Person of day - 24 MARCH 2023
Yasser Seirawan was born in the East, in Damascus. His father was a Syrian subject and his mother was English- she soon insisted that the family move to the US. Yasser was seven when he moved to Seattle, where he attended the prestigious Queen Anne Elementary School. Nothing foretold the astounding career of the Seirawan, who only learned chess when he was 12. Only a year later, however, he won the juniors’ Washington state championship and he was noticed by James McCormick- a regular Washington state champion among adults- who became his trainer.
Yasser began to make impressive strides while astonishing those around him with his serious attitude towards the game and impressive erudition. In 1978, Seirawan played at the American qualifying rounds for the U20 world championship. He won the qualifiers but could not triumph in the championship at first attempt- first and second places were occupied by the finest Soviet players, Artur Jussupow and Sergei Dolmatov. A year later, the American got his revenge, leaving Jussupow and Alexander Chernin behind.
At that time, many talented American juniors like Mark Diesen and Kenneth Rogoff quit chess after graduating from university, but Yasser remained in professional chess. Later on, he claimed he did this for two reasons: his wife, Yvette, was also a chess player, but the principal reason was his introduction to Viktor Korchnoi. Yasser managed to win a match against the “evil genius” at the Wijk aan Zee tournament in 1980- where he was awarded the title of grandmaster- after which Korchnoi offered to become his second at the match against Anatoly Karpov in Merano.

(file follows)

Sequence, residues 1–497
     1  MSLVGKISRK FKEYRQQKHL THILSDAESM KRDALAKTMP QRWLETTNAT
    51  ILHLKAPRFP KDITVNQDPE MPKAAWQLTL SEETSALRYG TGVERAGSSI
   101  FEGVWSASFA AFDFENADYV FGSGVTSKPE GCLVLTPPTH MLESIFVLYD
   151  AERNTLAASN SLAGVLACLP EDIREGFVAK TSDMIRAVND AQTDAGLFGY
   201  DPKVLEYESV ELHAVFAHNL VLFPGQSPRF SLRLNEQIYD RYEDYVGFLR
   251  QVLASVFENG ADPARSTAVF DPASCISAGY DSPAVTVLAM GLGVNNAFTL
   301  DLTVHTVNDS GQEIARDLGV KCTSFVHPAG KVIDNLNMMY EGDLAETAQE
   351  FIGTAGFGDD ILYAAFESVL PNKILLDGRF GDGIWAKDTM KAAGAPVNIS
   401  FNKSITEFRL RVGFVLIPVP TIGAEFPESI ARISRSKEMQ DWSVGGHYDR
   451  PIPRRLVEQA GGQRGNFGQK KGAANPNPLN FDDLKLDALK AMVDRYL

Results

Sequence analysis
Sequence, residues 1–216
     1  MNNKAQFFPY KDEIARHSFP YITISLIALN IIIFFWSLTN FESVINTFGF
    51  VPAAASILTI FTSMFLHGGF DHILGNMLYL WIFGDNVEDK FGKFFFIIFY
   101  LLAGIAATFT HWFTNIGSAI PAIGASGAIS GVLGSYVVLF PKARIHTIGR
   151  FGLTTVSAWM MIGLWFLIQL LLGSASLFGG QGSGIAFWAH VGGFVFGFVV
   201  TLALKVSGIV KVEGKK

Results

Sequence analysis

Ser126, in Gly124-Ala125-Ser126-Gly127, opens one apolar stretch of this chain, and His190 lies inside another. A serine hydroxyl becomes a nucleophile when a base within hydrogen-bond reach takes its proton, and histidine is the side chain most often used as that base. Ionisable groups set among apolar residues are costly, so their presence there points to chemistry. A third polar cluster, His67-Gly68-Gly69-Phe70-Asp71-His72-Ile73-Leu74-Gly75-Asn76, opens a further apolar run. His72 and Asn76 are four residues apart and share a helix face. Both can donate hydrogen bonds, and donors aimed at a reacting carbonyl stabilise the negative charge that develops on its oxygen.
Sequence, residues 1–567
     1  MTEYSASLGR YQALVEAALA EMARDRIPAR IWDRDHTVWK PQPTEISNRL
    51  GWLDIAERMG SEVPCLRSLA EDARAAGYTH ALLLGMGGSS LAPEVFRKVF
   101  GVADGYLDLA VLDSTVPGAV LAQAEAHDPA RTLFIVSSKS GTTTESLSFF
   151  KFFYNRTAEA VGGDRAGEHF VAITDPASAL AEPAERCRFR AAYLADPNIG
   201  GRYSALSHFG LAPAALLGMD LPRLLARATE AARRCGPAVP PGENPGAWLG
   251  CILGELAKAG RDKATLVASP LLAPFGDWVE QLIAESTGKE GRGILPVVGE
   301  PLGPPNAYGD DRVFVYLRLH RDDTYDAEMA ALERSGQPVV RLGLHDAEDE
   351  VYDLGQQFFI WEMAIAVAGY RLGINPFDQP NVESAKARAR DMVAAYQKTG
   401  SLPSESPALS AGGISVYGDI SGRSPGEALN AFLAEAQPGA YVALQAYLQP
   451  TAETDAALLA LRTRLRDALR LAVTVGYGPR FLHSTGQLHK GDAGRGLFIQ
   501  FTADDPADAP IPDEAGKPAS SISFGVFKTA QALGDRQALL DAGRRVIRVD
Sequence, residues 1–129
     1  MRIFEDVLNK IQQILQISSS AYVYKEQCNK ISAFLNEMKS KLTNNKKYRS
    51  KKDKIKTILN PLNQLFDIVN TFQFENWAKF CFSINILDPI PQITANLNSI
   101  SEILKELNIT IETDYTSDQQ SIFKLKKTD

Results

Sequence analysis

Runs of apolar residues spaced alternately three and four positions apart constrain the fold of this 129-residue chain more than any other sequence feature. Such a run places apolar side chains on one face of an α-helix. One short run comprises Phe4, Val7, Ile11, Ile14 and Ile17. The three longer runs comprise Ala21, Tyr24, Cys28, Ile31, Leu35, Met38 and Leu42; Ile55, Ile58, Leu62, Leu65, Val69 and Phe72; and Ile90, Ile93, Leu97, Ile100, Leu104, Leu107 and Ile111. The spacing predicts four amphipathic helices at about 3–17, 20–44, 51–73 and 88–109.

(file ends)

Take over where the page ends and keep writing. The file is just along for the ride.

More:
His work with Viktor Korchnoi was very beneficial to the young player, who soon became one of the foremost challengers to Soviet grandmasters on the international arena. In 1980, Yasser performed brilliantly for the American team at the Olympiad, where he won 8 points out of 11 and knocked out Mikhail Tal in the decisive match against the USSR. From that moment onwards, Seirawan became a true bane of Soviet players: he drew with Karpov in Lucerne in 1982, beat Kasparov in Dubai in 1986- where the four-time American champion led his team- and drew with Ivanchuk in Novi Sad in 1990. The exception was the Match of the Century in 1984. Team World gave Seirawan the prestigious sixth board, but his opponent was Alexander Beliavsky, who won 3,5 points out of 4 and de-facto secured Soviet victory. Seirawan lost the first two matches and was replaced by Bent Larsen.
At the same time, the American player promoted chess passionately: for 12 years, he was the chief editor of Inside Chess Magazine, he was a commentator for newspaper and television during large competitions, he gave lectures and training sessions and he event invented his own chess version, called “Seirawan Chess”.
In the 1990s, with the emergence of a star like Gata Kamsky in America, the former team leader decreased his active participation and focused on publishing and journalism. Nonetheless, after Gata’s temporary departure at the 1998 Olympiad in Elista, the dramatic game between Seirawan, Gulko and de Firmian almost allowed the Americans to overtake Boris Postovsky’s unbeatable pupils.
Despite this success, Seirawan soon announced the end of his professional career, although his professional and personal levels of respect remain immense worldwide. In 2001, Yasser published Fresh Start, which was supposed to unite the divided chess community. One year later, champions and FIDE candidates in classic chess signed the so-called Prague Agreements, which were based on the American’s ideas. Later on, after Kramnik’s match against Topalov, FIDE President Kirsan Ilyumzhinov highlighted Seirawan’s contribution during the unifying process.
In 2011, before the world championship in Ningbo, the grandmaster unexpectedly played in the US championship and won a place on the American team. Observers were sceptical about this: even though the elderly chess player maintained a rating over 2600, he only played several matches per year. Nonetheless, Seirawan became the main sensation of the champion; defeating Polgar, Mamedyarov and El-Gindy, he became the best player in the underwhelming American team.
Yasser Seirawan is the author of tens of chess books and theses, for amateur as well as professional chess players.